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by Mark Milke of the Fraser Institute
As Canadians enjoy the May long weekend and look ahead to summer vacations, many will obviously use their car, truck or SUV to get to their favourite vacation spot. Unfortunately, they will also have to contemplate driving on highways built decades ago and for many fewer automobiles than traverse our nation's highways today.
In recent weeks, Western Canadians in particular have seen front-page stories about traffic deaths on major highways. The first was the recent late-April accident when seven people died on the mostly two-lane Highway 63 that connects Fort McMurray to central Alberta; the second was the mid-May misfortune on the mostly two-lane Trans-Canada Highway near Golden, B.C., which claimed the life of a Calgary woman. And drivers across Canada can likely think of dangerous patches of blacktop in their locale.
I have never driven the Fort McMurray highway -- it is a five-hour drive and for many is a regular commute -- but I am well familiar with the Trans-Canada Highway through British Columbia. Both suffer from the same problem: with rare exception and a few improvements in recent years, both are mostly two lanes with unique reasons why that's a problem: the Fort McMurray highway is the main artery to the oil sands, including all the industrial traffic that implies; the Trans-Canada is in the middle of some of the continent's steepest peaks and in winter, in the path of danger. In the winter of 2011, 35 avalanches in a few days necessitated the temporary closure of that highway until the avalanche danger passed.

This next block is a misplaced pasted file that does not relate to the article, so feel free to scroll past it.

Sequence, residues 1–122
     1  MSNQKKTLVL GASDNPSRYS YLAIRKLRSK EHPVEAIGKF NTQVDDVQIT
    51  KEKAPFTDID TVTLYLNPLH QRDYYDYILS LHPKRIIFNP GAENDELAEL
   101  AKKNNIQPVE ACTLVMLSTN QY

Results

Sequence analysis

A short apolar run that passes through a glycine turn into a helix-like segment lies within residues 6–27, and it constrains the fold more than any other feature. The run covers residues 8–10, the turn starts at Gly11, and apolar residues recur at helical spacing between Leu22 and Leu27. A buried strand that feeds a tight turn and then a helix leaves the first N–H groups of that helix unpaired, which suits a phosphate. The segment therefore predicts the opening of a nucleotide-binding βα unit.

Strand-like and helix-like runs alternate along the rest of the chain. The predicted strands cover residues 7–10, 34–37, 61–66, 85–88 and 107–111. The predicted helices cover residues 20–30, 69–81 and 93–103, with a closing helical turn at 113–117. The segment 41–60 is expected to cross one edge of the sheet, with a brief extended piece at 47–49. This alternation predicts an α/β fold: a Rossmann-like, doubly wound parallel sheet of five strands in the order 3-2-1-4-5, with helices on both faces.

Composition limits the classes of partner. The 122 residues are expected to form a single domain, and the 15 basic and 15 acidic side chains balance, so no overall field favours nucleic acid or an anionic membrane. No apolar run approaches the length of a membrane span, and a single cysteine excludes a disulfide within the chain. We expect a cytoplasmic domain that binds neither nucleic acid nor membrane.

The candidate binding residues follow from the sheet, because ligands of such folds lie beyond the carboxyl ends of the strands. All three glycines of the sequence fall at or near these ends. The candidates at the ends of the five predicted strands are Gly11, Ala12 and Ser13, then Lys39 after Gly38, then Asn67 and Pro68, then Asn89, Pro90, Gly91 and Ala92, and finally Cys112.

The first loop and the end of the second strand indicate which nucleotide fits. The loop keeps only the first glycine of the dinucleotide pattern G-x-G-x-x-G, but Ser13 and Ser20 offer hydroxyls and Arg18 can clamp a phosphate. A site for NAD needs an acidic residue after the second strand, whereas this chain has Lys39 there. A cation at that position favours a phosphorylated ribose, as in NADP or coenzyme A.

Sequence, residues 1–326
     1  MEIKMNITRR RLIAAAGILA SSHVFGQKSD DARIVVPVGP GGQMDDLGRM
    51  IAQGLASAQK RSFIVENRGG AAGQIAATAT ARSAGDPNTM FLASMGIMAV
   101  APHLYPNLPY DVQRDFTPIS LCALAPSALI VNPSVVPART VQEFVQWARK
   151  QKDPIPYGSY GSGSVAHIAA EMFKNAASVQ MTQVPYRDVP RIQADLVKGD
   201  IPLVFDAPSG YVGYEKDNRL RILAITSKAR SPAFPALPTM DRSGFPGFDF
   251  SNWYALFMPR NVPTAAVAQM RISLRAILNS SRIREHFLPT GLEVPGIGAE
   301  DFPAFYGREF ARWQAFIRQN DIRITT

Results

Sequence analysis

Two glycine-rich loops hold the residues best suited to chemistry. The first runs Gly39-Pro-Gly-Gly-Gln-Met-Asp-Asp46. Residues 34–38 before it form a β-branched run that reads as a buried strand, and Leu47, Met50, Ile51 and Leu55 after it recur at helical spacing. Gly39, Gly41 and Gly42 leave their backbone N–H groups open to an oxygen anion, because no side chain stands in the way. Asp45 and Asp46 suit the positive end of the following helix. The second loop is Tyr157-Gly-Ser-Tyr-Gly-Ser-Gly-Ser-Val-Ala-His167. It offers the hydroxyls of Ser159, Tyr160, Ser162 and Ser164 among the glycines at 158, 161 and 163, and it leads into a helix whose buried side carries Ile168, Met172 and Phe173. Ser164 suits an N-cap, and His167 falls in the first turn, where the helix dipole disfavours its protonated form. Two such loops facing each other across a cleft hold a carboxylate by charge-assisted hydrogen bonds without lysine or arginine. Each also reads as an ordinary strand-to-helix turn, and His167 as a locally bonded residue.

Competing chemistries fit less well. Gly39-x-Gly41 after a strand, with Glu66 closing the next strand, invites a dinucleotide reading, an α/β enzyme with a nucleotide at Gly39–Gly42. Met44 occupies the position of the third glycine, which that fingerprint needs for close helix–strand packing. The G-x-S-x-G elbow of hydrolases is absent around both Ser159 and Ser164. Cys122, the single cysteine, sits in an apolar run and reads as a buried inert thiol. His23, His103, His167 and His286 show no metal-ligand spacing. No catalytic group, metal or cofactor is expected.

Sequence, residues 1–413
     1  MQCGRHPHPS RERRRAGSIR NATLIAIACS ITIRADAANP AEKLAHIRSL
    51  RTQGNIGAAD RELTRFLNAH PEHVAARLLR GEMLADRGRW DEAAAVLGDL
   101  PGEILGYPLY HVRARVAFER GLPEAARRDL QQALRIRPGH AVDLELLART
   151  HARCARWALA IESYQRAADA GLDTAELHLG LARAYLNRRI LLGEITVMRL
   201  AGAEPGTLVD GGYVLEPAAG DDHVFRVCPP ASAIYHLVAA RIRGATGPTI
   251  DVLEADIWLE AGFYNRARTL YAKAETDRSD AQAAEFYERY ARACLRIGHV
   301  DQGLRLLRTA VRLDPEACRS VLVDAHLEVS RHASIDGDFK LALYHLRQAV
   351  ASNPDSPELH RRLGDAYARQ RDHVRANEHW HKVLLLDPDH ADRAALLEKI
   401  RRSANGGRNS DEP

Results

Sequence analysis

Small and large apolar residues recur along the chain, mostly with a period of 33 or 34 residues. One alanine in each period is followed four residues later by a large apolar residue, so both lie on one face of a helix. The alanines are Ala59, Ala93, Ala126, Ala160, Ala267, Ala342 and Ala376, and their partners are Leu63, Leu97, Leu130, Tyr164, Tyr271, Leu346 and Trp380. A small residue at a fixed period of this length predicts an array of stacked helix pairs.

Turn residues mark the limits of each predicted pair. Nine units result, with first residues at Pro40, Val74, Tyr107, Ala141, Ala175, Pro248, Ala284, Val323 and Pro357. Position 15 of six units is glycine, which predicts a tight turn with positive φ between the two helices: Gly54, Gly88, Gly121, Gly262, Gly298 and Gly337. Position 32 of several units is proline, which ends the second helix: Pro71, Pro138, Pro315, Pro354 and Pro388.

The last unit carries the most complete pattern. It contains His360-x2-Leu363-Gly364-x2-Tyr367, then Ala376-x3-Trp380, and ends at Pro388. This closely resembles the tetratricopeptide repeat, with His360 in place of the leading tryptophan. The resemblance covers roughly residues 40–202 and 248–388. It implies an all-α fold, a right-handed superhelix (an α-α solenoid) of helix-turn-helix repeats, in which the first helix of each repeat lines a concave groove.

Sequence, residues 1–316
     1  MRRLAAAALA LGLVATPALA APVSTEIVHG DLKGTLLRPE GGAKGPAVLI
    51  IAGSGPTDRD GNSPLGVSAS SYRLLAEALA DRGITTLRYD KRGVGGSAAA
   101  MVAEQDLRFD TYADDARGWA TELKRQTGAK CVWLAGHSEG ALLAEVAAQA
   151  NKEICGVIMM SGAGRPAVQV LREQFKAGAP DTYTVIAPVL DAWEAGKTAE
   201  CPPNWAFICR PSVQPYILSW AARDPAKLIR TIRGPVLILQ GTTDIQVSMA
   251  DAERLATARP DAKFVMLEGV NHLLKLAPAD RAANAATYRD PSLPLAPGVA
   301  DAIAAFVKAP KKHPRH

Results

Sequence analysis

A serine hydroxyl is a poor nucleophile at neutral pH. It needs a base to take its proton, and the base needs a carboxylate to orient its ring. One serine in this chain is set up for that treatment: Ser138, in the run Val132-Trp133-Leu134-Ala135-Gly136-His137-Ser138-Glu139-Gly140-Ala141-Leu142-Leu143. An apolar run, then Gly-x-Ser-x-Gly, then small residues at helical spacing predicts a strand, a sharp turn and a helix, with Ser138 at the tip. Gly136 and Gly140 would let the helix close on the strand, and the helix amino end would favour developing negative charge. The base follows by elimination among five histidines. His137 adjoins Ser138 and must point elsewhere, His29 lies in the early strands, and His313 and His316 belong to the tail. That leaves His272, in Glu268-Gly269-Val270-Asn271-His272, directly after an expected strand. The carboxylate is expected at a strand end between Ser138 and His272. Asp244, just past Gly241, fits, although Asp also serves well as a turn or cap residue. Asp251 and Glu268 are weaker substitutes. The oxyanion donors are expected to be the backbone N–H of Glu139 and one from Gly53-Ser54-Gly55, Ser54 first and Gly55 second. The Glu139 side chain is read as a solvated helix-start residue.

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Oh Yeah ! what about spending some on the $ 1.3 Billion they collect in gas taxes , on highway infrastructure , instead of slush funds to get re-elected !
The Fraser Institute is nothing but a corporate shill. Every single policy it proposes or advocates is in opposition to the interests of people. If governments are "cash strapped" it's because of organizations like the Fraser Institute that endlessly push for corporate tax cuts.